The Manuscripts Division is pleased to congratulate poet and critic Alicia Ostriker on being named the eleventh New York State Poet, succeeding poet Yusef Komunyakaa. Ostriker’s papers have been in the Manuscripts Division since 2002. In announcing her appointment, Governor Andrew M. Cuomo of New York noted that Ostriker is being recognized for her collective body of work and the impact it has had on the people of New York and beyond. Previous poets who have served in the position include Marie Howe, Jean Valentine, Billy Collins, John Ashbery, Sharon Olds, Jane Cooper, Richard Howard, Audre Lorde, Robert Creeley, and Stanley Kunitz (whose papers are also in the Manuscripts Division). She was born in New York City in 1937 and came to prominence as both a poet and a critic in 1986, when she published her prize-winning volume The Imaginary Lover, a collection of poems, and Stealing the Language: The Emergence of Women’s Poetry in America, in which she makes a controversial argument concerning the women’s poetry movement in the postwar and post-1960s America. She is a professor emerita at Rutgers University, Department of English, and was a long-time resident of Princeton, with her husband, Professor Jeremiah P. Ostriker, Department of Astrophysics. Alicia Ostriker is currently teaching in the Program in Creative Writing, Lewis Center for the Arts, Princeton.
The Alicia Ostriker Papers (C0910) contain more than 20 linear feet of paper and electronic files donated by the poet, documenting her life and work as a poet and critic. The papers include manuscript drafts and proofs for dozens of volumes of poems, nonfiction books, critical commentary, essays, articles, reviews, interviews, and other writings, as well as some unpublished writings, song lyrics, student writings, and drawings. Ostriker’s extensive personal and professional correspondence includes letters exchanged with friends and fellow scholars and poets, along with reader mail and family correspondence. Her correspondents include many of the best-known American poets of the post-World War II period, such as Adrienne Rich, Robert Bly, Toi Derricotte, Stephen Dunn, Donald Hall, Maxine Kumin, Sharon Olds, Robert Pinsky, and May Swenson. The most recent gift of papers includes Ostriker’s correspondence (1995-2002) with Peter Pitzele, creator of Bibliodrama, for the interpretation of the Bible through performance.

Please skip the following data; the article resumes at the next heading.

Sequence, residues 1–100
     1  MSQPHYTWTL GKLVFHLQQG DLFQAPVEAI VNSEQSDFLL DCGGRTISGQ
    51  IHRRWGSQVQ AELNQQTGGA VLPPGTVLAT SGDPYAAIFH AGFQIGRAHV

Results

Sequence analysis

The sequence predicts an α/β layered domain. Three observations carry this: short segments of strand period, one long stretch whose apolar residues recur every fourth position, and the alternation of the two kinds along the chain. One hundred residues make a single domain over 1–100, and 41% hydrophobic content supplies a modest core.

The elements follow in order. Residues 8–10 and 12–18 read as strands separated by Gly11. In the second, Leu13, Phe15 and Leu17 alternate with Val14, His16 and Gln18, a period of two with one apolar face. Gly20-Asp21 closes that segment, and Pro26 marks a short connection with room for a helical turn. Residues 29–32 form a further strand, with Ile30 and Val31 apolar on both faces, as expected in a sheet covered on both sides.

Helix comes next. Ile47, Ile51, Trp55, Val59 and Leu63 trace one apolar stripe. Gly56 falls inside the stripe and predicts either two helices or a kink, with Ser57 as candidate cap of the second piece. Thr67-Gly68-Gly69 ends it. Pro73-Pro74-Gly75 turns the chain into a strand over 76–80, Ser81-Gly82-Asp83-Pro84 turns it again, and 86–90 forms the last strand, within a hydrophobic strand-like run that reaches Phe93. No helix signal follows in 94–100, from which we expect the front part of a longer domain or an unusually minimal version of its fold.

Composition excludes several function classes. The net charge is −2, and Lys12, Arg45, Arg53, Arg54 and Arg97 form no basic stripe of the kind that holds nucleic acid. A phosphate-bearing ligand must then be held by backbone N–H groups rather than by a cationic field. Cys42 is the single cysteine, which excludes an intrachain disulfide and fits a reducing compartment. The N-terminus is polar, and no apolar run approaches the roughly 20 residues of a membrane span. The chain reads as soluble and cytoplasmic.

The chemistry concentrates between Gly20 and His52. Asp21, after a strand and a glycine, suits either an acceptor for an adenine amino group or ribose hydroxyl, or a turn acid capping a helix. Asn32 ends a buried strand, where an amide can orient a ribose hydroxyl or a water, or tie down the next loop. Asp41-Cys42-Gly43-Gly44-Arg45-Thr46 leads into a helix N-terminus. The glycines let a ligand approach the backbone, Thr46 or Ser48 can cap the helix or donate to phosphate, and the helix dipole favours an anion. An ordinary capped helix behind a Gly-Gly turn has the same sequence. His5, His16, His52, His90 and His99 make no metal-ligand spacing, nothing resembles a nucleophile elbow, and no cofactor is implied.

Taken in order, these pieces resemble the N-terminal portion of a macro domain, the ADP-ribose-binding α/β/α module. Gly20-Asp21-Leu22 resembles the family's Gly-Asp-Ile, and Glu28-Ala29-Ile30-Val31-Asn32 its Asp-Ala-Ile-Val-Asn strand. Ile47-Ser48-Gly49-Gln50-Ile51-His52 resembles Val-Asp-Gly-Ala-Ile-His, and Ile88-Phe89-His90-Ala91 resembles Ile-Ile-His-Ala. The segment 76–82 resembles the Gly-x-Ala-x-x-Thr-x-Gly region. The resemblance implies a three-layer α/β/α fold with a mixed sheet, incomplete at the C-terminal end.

Ostriker’s poetry and criticism investigates themes of family, social justice, Jewish identity, and personal growth. “People who do not know my work ask me what I write about,” the poet notes. “I answer: love, sex, death, violence, family, politics, religion, friendship, painters and painting, the body in sickness and health. Joy and pain. I try not to write the same poem over and over.” Joyce Carol Oates, Roger S. Berlind ’52 Professor of the Humanities. has observed about Ostriker’s place in American letters, “Alicia Ostriker has become one of those brilliantly provocative and imaginatively gifted contemporaries whose iconoclastic expression, whether in prose or poetry, is essential to our understanding of our American selves.” Ostriker’s work and influence has been studied in a recent collection of essays: Martha Nell Smith and Julie P. Enszer, eds., Everywoman Her Own Theology: On the Poetry of Alicia Suskind Ostriker (University of Michigan Press, 2018). For more information about the papers, consult the finding aid or contact Public Services, at firstname.lastname@example.org